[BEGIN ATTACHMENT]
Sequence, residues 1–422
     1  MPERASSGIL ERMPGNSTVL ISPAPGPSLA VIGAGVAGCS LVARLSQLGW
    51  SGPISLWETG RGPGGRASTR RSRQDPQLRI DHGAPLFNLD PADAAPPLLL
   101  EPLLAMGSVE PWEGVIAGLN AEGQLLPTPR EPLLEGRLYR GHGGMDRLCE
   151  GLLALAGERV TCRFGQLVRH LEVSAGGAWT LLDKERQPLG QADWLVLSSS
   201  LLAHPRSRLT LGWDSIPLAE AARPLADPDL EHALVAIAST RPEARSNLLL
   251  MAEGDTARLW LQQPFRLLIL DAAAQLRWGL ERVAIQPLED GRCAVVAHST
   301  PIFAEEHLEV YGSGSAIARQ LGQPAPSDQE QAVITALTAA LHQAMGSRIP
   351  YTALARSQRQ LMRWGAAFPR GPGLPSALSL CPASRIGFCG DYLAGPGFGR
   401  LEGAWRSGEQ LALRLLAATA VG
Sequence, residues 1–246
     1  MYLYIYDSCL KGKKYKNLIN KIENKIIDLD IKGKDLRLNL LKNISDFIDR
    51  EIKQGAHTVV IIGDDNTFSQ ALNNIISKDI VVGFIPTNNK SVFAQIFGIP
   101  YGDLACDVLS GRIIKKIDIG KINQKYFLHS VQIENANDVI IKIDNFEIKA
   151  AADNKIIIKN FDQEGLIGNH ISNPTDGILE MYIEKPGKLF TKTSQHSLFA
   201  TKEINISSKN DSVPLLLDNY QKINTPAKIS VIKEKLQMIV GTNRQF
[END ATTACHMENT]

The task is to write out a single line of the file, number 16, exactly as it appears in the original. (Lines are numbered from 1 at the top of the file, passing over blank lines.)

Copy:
   201  TKEINISSKN DSVPLLLDNY QKINTPAKIS VIKEKLQMIV GTNRQF